Blog Post : The View From Behind The Drums
Please allow me to introduce myself, to coin a phrase. My name is Lorne Wheaton and I’m the drum tech on the Alice Cooper Theater of Death tour ’09. I was the only Canadian on the tour at first, though we’ve now been joined by another one, assisting Alice on this tour – we Canadians get all the most important jobs!. In the 38 (!) years I have been doing this, I’ve worked alongside some of the best drummers in the music industry, and also Jimmy DeGrasso (just kidding!). Some of them are Journey’s Steve Smith, Alex Van Halen, Keith Carlock (Sting, Steely Dan), plus my main client and fellow Canadian, Neil Peart from Rush. And then this past April, DeGrasso contacted me regarding teching for him on the upcoming Alice Cooper tour. Since Rush are on hiatus for the next year or so, I thought, why not. Jimmy and I had met a few years before at his drum store in San Jose. So, the procedure of getting my US work visa started. Eventually we all (crew and band) met up at Mates rehearsal studios in La La Land (LA) to rehearse for an upcoming show in Spain the following week. Me being the new guy, I kinda stayed in the background while I learned my cues with the Roland sampler that plays some of the intros as well as sound effects to the show songs. As well as drum tech, I operate that. That’s when I had the supreme honor of meeting Alice. I had seen him in concerts as a teenager in Toronto. He walked over to me and said hello, friendly individual that he is. As for the other band and crew guys, I really had no idea what I was getting myself into. If you’re a longtime fan, you probably know more about them than I did when I walked into Mates that first day.
Luckily, everyone at rehearsal was happy to be going back on tour and to see each other, and Paul Bassett (Eric Singer’s drum tech) was there to show me some things unique to Alice’s show, so that was a big help. If you know Paul from previous tours, I’m not him. He has way longer hair!!!
Is is truly like a “ship of fools,” with some of the wackiest guys I’ve ever worked with. It’s never a dull moment around here. Pat, who does props, TALKS to the props. Cesare, the production manager, always has a pained look on his face, like he is resigned to his fate – he’s the captain of our “ship” and somehow he navigates us through some tricky waters every day. My fellow stage techs Brian and Chris are always kidding (I think…I hope). They take great care of Damon, Chuck and Keri’s gear and also appear in the show at different times wearing costumes. Now THAT never happens on a Rush tour! The sound and lighting guys -- Randy, Paul and Chopper – are also interesting personalities, to say the least. All these guys have been with Alice for many years, and there’s a great camaraderie among them. I am sure I’ll learn even more about them once we’ve been on tour awhile, living together on a tour bus, as Europe was all flying everywhere.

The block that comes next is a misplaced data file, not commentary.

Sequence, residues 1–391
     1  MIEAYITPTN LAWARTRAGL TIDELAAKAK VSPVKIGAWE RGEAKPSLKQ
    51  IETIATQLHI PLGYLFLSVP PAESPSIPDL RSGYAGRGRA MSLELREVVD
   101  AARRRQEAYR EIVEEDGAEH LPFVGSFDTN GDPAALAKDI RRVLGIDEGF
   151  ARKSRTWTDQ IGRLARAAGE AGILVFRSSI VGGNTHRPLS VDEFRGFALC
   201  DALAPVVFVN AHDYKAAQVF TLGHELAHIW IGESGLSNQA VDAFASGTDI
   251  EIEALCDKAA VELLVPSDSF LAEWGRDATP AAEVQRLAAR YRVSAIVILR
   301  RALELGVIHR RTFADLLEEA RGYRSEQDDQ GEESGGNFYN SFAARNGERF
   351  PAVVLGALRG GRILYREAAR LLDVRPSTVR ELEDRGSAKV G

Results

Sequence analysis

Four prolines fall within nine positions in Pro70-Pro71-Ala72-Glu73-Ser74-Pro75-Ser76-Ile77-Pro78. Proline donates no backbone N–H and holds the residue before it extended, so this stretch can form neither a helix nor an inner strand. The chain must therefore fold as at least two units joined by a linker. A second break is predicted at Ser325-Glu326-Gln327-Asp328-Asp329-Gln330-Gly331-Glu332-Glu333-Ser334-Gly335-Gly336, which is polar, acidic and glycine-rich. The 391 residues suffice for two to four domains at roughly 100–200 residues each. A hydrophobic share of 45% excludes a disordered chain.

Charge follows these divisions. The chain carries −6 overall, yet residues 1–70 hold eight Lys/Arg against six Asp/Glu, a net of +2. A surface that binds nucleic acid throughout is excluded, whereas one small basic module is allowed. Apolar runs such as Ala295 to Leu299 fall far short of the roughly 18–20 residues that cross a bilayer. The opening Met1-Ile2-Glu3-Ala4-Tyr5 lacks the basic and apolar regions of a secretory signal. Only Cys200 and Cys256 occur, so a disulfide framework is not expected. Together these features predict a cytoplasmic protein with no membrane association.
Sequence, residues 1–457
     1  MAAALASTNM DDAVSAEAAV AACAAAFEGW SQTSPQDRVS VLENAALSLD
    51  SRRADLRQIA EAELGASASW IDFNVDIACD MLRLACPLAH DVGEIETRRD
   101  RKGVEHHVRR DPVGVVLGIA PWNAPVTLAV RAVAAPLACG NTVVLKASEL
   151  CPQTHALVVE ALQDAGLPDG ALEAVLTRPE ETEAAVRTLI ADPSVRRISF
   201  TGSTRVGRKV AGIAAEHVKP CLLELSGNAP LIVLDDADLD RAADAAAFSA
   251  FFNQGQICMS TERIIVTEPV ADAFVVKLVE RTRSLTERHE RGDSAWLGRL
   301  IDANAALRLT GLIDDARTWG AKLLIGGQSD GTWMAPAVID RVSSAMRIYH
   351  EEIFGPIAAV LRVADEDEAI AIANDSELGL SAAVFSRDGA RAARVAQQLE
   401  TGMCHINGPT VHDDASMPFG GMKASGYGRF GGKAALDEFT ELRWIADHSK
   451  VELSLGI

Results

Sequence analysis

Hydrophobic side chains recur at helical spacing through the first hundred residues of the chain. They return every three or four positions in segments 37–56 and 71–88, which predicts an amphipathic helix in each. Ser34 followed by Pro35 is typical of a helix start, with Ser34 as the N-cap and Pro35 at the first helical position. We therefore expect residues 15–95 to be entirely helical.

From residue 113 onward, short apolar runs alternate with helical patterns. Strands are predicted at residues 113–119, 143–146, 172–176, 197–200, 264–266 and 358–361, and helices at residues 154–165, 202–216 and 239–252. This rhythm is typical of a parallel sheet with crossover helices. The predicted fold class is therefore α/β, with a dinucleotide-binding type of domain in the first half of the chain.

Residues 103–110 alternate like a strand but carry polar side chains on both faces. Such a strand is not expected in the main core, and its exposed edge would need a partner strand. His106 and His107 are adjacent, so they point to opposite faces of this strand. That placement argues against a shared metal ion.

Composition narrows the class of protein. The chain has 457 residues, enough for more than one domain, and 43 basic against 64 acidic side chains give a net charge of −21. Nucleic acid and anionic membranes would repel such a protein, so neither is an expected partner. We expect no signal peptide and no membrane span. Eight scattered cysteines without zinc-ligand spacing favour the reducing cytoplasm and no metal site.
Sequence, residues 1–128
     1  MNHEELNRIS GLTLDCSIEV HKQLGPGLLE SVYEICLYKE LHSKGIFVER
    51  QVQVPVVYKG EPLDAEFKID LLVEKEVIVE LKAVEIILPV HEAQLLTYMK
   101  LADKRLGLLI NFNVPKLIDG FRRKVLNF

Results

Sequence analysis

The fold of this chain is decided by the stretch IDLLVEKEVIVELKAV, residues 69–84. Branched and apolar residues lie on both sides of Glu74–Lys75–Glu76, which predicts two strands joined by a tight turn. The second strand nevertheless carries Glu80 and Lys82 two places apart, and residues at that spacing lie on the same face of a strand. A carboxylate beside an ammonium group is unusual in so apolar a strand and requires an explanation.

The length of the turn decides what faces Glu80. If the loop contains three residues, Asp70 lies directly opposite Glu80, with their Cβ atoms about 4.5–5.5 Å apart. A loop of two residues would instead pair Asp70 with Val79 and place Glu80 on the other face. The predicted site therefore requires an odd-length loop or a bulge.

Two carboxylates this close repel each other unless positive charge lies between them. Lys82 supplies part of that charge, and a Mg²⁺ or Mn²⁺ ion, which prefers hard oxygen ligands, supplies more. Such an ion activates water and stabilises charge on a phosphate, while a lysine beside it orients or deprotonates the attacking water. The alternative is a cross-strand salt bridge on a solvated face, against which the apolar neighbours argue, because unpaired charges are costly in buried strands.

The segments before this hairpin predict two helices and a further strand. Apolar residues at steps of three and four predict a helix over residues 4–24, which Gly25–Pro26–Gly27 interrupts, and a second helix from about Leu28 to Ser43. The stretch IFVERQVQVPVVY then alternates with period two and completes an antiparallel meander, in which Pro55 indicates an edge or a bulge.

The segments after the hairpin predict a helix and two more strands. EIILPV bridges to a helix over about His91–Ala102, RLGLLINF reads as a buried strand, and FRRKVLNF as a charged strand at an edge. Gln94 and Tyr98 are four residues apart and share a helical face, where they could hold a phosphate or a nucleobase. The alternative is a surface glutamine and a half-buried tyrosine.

Flying is different, as we work at the venue all day from 9 or 10 AM til midnight or 1 AM, and then, in North America and sometimes in Europe, we get on the bus and sleep til the next city, and do it all over again. On a flying tour, we work the same hours, and then go to a hotel for a short night of sleep and then a morning flight, so it’s usually more tiring than a bus tour.
Also, on a bus tour, you’ve got your bunk to take a nap if you get a break in the afternoon, once the set-up is done. On a flying tour, there’s no bus there…and the hotel is usually too far to go back and forth to.
Anyway, once we went on tour, I didn’t realize what I was getting myself into. We play this festival in Spain, for my first show with Alice, and it’s a case of the crew gets there at 9 AM to do the load in. Well, after the usual “hurry up and wait” scenario, we finally get to set up the band instruments. We weren’t billed to go until midnight. So I think you get the drift, we basically were there 15 hours before the show was to start. Loooong time!! Come showtime, I thought it was going to be OK. Then the show started, and I immediately went brain dead on all the sampler cues that were part of the show set. I had done my homework while I was on those trans Atlantic flights, but for some reason, I just went blank. Dummy!!! And on top of that, Jimmy breaks a snare drum head in the second song. I also wear In-Ear monitors like the musicians themselves and the transmitter that I use was cutting out all night. If I can’t hear Coop or Jimmy, it’s pretty much a horrible flail. That first show ‘sucked’ for me. What a way to start. Everything that could go wrong, did go wrong. Luckily the show was great, the crowd as great, and everyone was in a great mood afterwards.
And then I had three weeks off to keep thinking about trying to get it right next time, until the shows, in Russia three weeks later. Three long weeks to think about all the things that went wrong. Luckily things got better in Russia and Europe, and I’m still her to tell my tales.
I’m still “the new guy,” but I think I earned my stripes.
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